The grip and balance seen at the speedway translates to very little body roll on the way to 1.03g of stick on the skid pad and 73.2 mph through the slalom on the standard Pirelli P Zero rubber. A thin layer of understeer is often present — even with the ESC in Track mode — but turning the well-tuned ESC system off for more action doesn't automatically open the door to faster times.
Understeer isn't an issue on the racetrack, where trail braking initiates McLaren's turning brake, an ABS algorithm that drags the inside rear brake going into corners to kill understeer; the effect lingers on the way out to discourage wheelspin.
McLaren will happily sell you a second set of stickier R-compound P Zero Corsa tires mounted and ready to go on another set of ultra-lightweight forged alloy wheels if you have a spare $11,420 lying around. We don't, so we're stuck imagining how much better all our performance numbers would have been with the gooier rubber.
The handling was expected, but the usual stiff-legged ride penalty associated with supercar track prowess simply isn't here — especially in normal mode. Isolation over most types of cracked pavement and rough asphalt rivals that of most sport sedans.
Still, no one will mistake a McLaren for a true luxury cruiser, which is good for the street cred. A smattering of low-level harshness and the occasional low-speed nose bob is nothing to lose sleep over.
The MP4-12C is easily a daily driver, exotic supercar or not.
That impression extends to the inside, where every component, every surface, every lever and switch reminds you that you got what you paid for. This is nothing like the stark interior of a racecar. Our Alcantara and leather interior ($2,290) is simultaneously comfortable and stylish, and the carbon-fiber interior upgrade ($4,000) looks stunning alongside it.
And you won't find any embarrassing parts bin faux pas in here, such as the Dodge Ram navigation unit we spied last year in the all-new 2012 Ferrari FF. Seemingly, McLaren has made everything from scratch to a high degree of finish.
Once you slide past the dihedral doors and the carbon chassis, the MP4-12C's cabin is spacious and relatively easy to see out of, though the front and rear parking sensor option ($2,060) is a welcome addition. The driving position is ideal, the immaculate steering wheel perfectly placed and there's even enough headroom for tall guys wearing a helmet. At first it seems odd that power seats and seat heaters are a $3,430 option, but racers built this car. In that sense, seat heaters are not only optional, they're frowned upon.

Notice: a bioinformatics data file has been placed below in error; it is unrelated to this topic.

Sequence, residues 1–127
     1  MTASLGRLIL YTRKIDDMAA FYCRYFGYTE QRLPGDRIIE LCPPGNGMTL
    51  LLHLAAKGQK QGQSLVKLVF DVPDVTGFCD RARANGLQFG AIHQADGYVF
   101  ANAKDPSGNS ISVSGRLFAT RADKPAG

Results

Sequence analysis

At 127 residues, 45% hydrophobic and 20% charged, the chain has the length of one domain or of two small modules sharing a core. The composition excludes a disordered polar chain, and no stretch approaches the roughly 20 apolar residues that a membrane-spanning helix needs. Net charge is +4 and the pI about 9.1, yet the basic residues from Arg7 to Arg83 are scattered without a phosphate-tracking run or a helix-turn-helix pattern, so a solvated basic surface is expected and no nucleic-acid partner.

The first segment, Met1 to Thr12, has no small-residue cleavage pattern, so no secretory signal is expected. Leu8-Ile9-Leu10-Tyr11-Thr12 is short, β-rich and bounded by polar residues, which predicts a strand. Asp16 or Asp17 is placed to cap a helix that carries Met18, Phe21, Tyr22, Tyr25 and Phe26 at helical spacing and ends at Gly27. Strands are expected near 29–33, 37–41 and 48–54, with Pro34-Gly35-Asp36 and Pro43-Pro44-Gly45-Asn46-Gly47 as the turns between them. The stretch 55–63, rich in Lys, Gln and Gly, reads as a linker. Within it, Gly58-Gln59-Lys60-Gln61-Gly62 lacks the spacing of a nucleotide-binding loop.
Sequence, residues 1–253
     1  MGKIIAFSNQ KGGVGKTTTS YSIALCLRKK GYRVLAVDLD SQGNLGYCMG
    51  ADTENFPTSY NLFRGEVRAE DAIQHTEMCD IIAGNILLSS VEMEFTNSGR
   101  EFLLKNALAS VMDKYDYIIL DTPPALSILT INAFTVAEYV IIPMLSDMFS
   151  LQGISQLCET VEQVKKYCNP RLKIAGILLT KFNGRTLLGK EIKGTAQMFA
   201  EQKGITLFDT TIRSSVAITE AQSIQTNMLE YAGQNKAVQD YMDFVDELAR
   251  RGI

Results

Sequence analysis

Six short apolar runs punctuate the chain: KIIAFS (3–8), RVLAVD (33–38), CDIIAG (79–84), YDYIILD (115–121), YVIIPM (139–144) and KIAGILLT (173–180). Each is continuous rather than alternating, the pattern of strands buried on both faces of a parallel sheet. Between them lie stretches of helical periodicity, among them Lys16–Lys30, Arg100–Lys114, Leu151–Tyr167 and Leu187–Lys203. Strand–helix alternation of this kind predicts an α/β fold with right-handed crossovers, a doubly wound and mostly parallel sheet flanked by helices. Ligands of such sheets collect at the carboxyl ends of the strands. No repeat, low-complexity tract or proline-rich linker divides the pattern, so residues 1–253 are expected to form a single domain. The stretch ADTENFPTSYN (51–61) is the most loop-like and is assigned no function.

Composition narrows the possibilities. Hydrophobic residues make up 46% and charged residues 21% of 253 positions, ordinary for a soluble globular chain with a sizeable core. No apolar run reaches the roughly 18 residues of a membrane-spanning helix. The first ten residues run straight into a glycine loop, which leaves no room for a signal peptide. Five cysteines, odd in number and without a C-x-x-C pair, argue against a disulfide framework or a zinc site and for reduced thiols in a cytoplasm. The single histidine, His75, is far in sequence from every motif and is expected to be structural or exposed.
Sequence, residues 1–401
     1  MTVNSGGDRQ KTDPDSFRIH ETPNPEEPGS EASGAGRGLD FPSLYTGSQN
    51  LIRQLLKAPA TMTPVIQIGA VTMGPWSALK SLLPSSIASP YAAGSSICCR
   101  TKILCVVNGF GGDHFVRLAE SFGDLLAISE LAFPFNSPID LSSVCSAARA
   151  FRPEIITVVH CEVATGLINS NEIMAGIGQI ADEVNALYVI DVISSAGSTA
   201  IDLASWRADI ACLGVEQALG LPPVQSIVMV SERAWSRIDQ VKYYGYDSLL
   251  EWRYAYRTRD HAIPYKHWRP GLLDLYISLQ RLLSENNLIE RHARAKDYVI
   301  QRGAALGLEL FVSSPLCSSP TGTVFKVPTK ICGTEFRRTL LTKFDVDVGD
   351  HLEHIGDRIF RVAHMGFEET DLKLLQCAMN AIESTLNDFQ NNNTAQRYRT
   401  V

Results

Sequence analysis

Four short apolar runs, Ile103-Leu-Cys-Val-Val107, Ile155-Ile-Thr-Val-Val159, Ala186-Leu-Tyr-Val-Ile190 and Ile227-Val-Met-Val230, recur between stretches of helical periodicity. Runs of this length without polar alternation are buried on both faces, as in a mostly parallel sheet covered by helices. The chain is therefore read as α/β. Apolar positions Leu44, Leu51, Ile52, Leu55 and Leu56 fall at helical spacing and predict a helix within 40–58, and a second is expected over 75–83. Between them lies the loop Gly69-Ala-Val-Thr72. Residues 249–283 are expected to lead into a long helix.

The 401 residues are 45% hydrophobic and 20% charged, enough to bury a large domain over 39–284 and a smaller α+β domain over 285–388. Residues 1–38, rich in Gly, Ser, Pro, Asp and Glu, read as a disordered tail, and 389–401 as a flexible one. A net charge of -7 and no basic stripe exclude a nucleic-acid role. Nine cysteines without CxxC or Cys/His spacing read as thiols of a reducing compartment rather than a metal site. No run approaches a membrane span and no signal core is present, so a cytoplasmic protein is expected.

But there are a few misses to the interior design and functionality. The optional Meridian Premium surround-sound system ($4,795) doesn't seem to be well tuned to fit the dynamics of the cabin. The Bluetooth and navigation were not yet active in our car because those subsystems are still undergoing final development.
And we could certainly do without the Ice Silver elite paint that costs $5,410 but doesn't flatter the car. Probably because it reminds us of a Honda Civic Hybrid.
The 2012 McLaren MP4-12C starts at $231,400, including destination charges. The Ferrari 458 starts in the same ballpark and the more familiar Porsche 911 GT2 RS is over $10 grand more expensive. Now that we've spent time in one, we can say the 2012 McLaren MP4-12C is an amazing car that deserves to play in this price range.
That's even true if you factor in the options that drive the price of our test example up to $292,810. Yeah, more than $30,000 in carbon-fiber upgrades seems like a bit much, but all the cars that play in this space have an options list that will melt your printer's toner cartridge.
Deservedly, the 2012 McLaren MP4-12C is already a success. Some 250 of these have already been delivered to our shores, and the current wait time is said to be 8 months for anyone who jumps in line today. If you can play in this price range you owe it to yourself to take a close look.
As for us, we're waiting for the next opportunity to not wrestle with one on the track. McLaren's new 592-hp twin-turbo V8 engine seems destined for bigger and better things. It seems possible that more powerful variants might come to a track near us in the not-too-distant future. Or at least we hope so.
The manufacturer provided Edmunds this vehicle for the purposes of evaluation.